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Hepatitis C May Soon Top Global Viral Deaths Cause

Hepatitis C May Soon Top Global Viral Deaths Cause

Recent data from the World Health Organization (WHO) indicates an alarming trend: hepatitis C is close to becoming the foremost cause of death among viral diseases worldwide, potentially surpassing hepatitis B. The latest figures reveal that, in 2022, hepatitis B and C together were responsible for 1.3 million deaths globally, signaling a critical need for heightened efforts to curb their spread.

Health experts caution that without prompt and effective intervention, deaths from hepatitis could eclipse those from major diseases like tuberculosis, HIV/AIDS, and malaria by 2040. Hepatitis C, in particular, poses a severe public health challenge due to its transmission through blood contact.

Read more: Hepatitis Cases Soar Above 3.9 Million in Punjab

The incidence of viral hepatitis is increasing, especially in lower-income countries where preventative measures and treatment options are scarce. Nonetheless, the rapid spread of the virus is also a concern in more affluent countries.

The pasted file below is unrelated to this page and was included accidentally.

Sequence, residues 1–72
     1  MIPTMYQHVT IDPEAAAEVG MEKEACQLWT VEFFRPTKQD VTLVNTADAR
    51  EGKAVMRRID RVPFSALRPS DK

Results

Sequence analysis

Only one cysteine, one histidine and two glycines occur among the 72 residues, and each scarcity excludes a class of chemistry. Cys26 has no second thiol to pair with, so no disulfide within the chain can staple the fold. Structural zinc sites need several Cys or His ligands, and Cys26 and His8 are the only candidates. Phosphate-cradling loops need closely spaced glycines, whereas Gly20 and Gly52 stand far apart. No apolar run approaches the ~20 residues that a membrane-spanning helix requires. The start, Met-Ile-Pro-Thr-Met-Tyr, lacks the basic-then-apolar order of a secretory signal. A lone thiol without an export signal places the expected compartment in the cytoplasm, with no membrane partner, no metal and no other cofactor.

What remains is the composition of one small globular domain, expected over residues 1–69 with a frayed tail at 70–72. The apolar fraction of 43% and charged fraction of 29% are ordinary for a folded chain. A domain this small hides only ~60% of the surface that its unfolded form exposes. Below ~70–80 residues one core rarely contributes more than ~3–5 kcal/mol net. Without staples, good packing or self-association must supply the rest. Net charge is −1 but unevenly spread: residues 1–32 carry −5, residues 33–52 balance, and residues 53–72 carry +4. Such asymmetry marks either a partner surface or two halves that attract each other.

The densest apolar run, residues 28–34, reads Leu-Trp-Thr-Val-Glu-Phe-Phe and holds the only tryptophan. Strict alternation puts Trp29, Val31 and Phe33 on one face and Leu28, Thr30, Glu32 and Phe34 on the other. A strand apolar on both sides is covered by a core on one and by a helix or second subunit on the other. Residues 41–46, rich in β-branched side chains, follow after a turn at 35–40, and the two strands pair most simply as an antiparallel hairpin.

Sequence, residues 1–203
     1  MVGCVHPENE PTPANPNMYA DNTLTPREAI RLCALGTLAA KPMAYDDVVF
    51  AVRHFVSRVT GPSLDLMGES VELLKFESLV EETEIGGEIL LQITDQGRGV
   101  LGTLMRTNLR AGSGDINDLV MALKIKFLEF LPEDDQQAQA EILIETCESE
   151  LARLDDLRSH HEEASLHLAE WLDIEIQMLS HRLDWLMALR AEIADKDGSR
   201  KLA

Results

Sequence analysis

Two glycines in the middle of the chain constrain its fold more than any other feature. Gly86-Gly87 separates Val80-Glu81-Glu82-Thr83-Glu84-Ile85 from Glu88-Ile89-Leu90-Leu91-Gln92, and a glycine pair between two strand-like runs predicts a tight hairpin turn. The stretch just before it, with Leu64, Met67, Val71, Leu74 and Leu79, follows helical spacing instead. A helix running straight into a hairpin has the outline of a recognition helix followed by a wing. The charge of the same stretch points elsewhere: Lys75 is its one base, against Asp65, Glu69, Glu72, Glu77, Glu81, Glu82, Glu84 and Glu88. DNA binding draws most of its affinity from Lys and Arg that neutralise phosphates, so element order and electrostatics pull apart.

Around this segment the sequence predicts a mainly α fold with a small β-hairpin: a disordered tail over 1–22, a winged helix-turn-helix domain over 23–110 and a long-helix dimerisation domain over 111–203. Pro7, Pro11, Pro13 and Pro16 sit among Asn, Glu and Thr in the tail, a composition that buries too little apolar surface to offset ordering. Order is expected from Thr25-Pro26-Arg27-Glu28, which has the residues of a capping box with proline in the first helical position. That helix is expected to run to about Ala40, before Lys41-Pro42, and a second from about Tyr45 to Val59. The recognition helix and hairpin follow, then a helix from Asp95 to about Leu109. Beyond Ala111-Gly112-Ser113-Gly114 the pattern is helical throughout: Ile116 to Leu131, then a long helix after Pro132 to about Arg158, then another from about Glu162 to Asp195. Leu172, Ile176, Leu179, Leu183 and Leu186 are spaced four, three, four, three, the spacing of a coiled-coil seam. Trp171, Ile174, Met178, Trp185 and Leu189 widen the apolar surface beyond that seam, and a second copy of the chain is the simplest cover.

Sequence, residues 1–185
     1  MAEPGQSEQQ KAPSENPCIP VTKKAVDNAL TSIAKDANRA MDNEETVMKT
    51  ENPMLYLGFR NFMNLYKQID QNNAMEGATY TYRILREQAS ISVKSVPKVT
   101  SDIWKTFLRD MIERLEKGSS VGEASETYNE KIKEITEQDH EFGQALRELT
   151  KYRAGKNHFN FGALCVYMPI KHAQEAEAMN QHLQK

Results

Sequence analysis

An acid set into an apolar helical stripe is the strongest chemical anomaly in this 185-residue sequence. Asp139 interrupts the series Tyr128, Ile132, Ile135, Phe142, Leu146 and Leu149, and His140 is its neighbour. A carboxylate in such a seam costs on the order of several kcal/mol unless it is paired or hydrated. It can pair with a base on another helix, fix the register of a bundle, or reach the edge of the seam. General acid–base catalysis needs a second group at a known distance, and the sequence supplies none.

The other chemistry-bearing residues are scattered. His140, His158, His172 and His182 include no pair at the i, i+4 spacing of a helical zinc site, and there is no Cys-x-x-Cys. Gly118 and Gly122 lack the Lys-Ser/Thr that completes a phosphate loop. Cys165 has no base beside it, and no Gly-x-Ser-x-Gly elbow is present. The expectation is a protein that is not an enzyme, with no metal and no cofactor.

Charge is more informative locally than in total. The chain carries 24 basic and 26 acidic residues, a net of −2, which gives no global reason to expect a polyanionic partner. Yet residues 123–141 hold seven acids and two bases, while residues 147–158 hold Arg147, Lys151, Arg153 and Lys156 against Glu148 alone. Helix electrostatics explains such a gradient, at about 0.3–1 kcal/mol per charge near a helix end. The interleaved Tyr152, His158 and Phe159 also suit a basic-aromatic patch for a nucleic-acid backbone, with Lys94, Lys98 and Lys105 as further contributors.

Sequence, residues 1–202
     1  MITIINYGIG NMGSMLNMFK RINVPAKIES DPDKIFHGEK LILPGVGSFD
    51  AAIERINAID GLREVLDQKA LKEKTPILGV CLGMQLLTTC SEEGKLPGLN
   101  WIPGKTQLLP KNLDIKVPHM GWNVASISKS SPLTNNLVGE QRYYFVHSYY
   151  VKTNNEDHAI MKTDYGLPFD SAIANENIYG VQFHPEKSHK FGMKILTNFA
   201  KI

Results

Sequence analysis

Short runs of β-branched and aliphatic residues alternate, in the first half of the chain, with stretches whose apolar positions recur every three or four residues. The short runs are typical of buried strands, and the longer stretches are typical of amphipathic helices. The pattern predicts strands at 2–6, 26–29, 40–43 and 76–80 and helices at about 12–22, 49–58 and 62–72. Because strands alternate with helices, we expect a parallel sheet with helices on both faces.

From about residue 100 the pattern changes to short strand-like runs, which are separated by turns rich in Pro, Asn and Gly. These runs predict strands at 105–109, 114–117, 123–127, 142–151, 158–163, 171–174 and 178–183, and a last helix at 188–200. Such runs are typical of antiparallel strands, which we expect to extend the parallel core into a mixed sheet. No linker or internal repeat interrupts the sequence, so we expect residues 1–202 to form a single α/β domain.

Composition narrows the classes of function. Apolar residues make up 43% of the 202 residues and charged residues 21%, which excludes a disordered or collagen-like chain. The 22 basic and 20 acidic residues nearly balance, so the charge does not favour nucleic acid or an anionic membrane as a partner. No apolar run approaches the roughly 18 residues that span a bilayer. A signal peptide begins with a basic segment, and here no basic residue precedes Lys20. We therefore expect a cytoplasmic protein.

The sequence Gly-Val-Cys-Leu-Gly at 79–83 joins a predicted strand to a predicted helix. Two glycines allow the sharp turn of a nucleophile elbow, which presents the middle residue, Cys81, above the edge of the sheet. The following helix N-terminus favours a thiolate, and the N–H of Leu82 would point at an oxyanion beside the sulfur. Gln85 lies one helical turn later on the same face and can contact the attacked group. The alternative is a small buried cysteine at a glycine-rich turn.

Among the top ten countries with the highest hepatitis case numbers are Pakistan, Bangladesh, China, Ethiopia, India, Indonesia, Nigeria, the Philippines, Russia, and Vietnam. However, the threat of hepatitis C is a global concern, currently accounting for 83% of all hepatitis-related deaths, with hepatitis B responsible for the remaining 17%.

Symptoms of hepatitis include fatigue, jaundice, and nausea, which are critical for timely diagnosis and treatment. Hepatitis primarily spreads through contaminated blood transfusions, shared needles, and improperly sterilized medical equipment. Hepatitis B can also be transmitted from mother to child during childbirth.

Although vaccines exist for hepatitis B, many countries face challenges in ensuring broad access. Effective treatments are available for both hepatitis B and C, yet they remain out of reach for many affected individuals.

To combat the spread of hepatitis, initiatives must focus on enhancing access to vaccines, screening, and treatments. Tackling the fundamental transmission pathways and improving health infrastructure are vital steps toward reducing the impact of viral hepatitis and saving lives.